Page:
Fig. 3: Relationship between water content and relative humidity for the concrete block selected for the analysis. NOTE: The relationship between water content and relative humidity shown in Figure 3 is for the concrete block selected for the model, but it will be different for different materials. For example, for single-wythe masonry, a German block material housed within WUFI has completely different properties and a different association between water content and RH. When conducting project-specific modeling, it is important to select the appropriate material properties.

The four values in Figure 3 shown in red are significant. WUFI automatically establishes the starting point for the moisture content of concrete block in each model as 3.21 lb/ft, which is considered the “practical moisture content” for concrete block. This corresponds to an equilibrium moisture content of 80 percent RH and is designated as W. Based on our experience, 80 percent RH or less is typically an acceptable range for the performance of the wall assembly.

Moisture content of 4.05 lb/ft is considered the “free saturation point” for concrete block which corresponds to the moisture storage function at a relative humidity of 100 percent. It is designated as Wf. An RH of 100 percent is typically an undesirable condition for a wall assembly.

Note that in some porous materials, it is common to have moisture content within the supersaturation range (which is moisture content above 100 percent RH) due to the pore structure of a hygroscopic material. However, for this study, the thresholds established for the analysis are W80 (equilibrium moisture content of 80 percent, which is acceptable) and Wf (moisture storage function at 100 percent RH, which is unacceptable).

The output of each model provides the water content at the outer concrete layer (beneath the exterior coating), the interior concrete layer, the insulation layer, and the total assembly. For our analysis, only the results for the outer concrete layer are presented, but when conducting a project-specific analysis, it is important to examine the results for each of the layers as well as the total assembly. By only examining the total assembly for example, potential problems at a given layer (e.g., the outer face of the block beneath the coating) may be overlooked.

The moisture content of the outer concrete layer beneath the coating system for each of the four cities is shown in Figures 4 through 7. The x-axis shows the permeance of the exterior coating ranging from 0 (barrier) to 40 (breather) perms. There are three bars for each exterior perm that was modeled. The bars show the permeance of the coating that was modeled for the interior face of the block: 0 perms (blue), 15 perms (orange), and 40 perms (green).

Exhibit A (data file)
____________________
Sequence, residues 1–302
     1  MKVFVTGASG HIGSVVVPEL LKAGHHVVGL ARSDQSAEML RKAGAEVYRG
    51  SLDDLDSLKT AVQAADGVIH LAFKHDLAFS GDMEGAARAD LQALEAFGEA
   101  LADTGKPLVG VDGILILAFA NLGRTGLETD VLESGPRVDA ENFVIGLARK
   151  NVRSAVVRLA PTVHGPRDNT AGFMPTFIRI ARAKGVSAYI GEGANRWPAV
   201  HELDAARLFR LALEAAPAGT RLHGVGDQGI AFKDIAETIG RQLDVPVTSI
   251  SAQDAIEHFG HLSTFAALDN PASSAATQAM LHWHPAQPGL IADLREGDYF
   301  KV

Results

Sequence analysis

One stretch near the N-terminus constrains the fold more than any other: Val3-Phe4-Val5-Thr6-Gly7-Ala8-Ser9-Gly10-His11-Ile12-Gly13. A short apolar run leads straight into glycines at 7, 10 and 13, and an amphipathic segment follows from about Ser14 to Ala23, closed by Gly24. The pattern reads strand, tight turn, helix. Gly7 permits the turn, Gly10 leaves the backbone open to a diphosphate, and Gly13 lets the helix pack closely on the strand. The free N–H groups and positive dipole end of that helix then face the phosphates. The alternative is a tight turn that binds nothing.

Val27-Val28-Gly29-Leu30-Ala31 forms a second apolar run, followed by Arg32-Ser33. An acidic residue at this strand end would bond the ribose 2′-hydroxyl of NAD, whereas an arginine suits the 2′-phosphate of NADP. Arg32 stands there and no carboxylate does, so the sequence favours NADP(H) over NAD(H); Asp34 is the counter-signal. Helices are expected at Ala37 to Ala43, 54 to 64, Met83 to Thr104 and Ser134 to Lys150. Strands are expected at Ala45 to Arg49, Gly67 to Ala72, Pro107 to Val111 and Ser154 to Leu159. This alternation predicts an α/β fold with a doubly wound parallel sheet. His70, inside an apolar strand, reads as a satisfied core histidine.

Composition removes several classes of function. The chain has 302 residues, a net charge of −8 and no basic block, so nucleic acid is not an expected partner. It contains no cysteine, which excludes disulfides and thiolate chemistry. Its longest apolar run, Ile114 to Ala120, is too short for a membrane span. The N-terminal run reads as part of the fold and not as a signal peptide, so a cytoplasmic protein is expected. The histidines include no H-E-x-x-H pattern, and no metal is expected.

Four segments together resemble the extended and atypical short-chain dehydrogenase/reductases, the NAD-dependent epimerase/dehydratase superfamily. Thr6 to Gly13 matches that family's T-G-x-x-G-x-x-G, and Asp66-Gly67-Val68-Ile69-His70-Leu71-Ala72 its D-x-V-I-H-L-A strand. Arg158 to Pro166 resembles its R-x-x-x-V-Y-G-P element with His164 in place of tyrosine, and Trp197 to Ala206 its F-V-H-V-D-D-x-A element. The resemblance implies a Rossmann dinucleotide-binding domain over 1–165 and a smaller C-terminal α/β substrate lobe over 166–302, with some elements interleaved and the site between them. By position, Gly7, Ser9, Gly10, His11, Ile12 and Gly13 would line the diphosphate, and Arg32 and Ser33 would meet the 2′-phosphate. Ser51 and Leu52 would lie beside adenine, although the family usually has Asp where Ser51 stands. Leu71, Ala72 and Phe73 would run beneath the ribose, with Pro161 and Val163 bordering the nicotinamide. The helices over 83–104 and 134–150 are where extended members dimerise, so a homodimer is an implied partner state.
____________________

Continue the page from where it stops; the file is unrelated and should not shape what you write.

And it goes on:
The y-axis shows the water content. The W threshold is the green line. The Wf (100 percent RH) line is red. Ideally, to reduce the risk of moisture related damage, the bars should be below the green W80 line, and never above the red Wf line. The yellow line is set at 91.5 percent RH, which is a value provided in the WUFI material database for concrete brick (block).

For the modeling, it was assumed that 91.5 percent and above would create a moderate risk of having moisture-related problems based on typical concrete or masonry finishes, but we recognize some finishes will perform adequately at 91.5 percent RH and higher.

Fig. 4: Seattle, Washington. When the exterior coating is a barrier (the left cluster of bars with an exterior permeance of 0), the moisture content of the exterior block face is at or above 100 percent RH. When the interior permeance is a breather (permeance of 40, which is the gray bar in each cluster), regardless of whether the exterior coating is a barrier (0 permeance) or breather (40 permeance), the RH is greater than 91.5 percent, which can create problems for some exterior finishes. The modeling indicates that the optimum coating combinations for the hypothetical building in Seattle are an exterior permeance greater than 10 and an interior permeance less than 15. Performance drops significantly as the permeance of the exterior coating falls below 5.